Rear toe: 10min
Rear camber: 0.5 to 1.0 deg (to suit track)

I screwed the upper rod end fully in, and then out 2 complete turns which will allow for an alteration of 1 degree without having to alter the toe angle.  To alter the lower joint, the shock absorber has to be unbolted and is a little fiddly with washers etc.  I have seen a GD rear wishbone that had a separate shock mount, so I could maybe upgrade in the future if I regulary track the car and require frequent adjustment.  

I altered the lower rod end and turnbuckle to suit the specifications.  I used a digital camber gauge to measure the camber.  I also checked using the laser and trigonometry.

Once I was happy and within a nearness, I moved all the equipment to the other side.

I then transferred some of the measurements of wishbone length and turnbuckle length to mirror the setup.  When I switched on the laser I discovered that the setup was miles off!  I couldn't understand it.  I double checked measurements and almost came to the conclusion that the chassis was wrong.

I then carefully looked at the laser level.  Although the side is nice and flat and appears to be parallel to the laser, it is not.  The laser sits at a slight angle and over a 4 metre length was off quite a bit!  Also, the laser had to be mounted the opposite way around on the other side, so it was even further off.

Back to the drawing board.  I then used some string and a spirit level and re-adjusted the setup.  This took a bit of time since I had to do the adjustment, then plumb the level against the string at the rear of the car and measure from the centre line.  I then had to move to the front of the car to do the same.  I input the figures into an excel spreadsheet which automatically did the trigonometry calculation for me.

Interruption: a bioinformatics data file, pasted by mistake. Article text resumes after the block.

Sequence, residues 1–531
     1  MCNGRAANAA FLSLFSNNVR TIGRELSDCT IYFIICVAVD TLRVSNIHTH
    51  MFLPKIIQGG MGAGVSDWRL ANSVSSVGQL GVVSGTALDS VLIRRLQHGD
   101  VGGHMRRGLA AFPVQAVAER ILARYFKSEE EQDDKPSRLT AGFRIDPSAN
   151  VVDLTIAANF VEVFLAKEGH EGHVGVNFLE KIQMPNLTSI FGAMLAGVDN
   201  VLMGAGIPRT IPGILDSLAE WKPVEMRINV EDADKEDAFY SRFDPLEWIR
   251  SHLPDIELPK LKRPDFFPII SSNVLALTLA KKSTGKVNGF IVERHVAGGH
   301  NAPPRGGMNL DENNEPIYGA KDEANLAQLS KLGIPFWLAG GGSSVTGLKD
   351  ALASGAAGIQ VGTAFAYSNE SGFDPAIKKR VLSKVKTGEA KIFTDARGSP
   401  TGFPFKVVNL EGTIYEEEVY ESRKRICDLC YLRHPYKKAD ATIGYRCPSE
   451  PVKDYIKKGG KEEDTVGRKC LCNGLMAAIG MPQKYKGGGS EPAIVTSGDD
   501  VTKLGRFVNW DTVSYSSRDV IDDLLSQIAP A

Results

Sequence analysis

I finished both sides and then moved to the front.......

Monday, 7 March 2016


I have been doing a few jobs lately, with quite a lot of thinking regarding fuel pipe runs and what fuel supply system I am going to use.

I thought that I would get a few things done while I am trying to decide.

I have drilled a few holes for mounting the stainless p clips and have tapped a M5 thread for the bolt.

I will post up some photos when I am assembling the p clips since showing a hole isn't too telling!

I have been trying to work out how the handbrake mechanism is designed to function, and I have decided to modify the lever that was provided with the kit so that it fits above the chassis mount.  Dale's car has the lever above the mount, but the one supplied with my kit couldn't fit.  I have since ground the lever down to fit on the existing mount to match what I think is correct.

Engine / gearbox is in!

For trying to decide how my fuel pipes would run, I thought it would be a good idea to fit the engine and gearbox to see what space there is for the pipes.

My initial idea is that I would put the assembly in and then mark up where I need to drill for the mounts, then take the assembly out again.

My dad came over for a visit and he helped me get the engine assembly in.  Not too much work using the engine crane.

Once the assembly was in, it looked like I could access the mounting holes without much problem, so I think I will leave the engine in!

The only draw back was that because I thought I was going to remove the assembly again, I didn't put in the propshaft.  This cannot go in if the diff and engine/gearbox are in!  I then thought it was much easier to lower the diff, install the propshaft, and raise the diff again.  That is what I did.

I need to finally bolt up the engine mounts, propshaft and diff.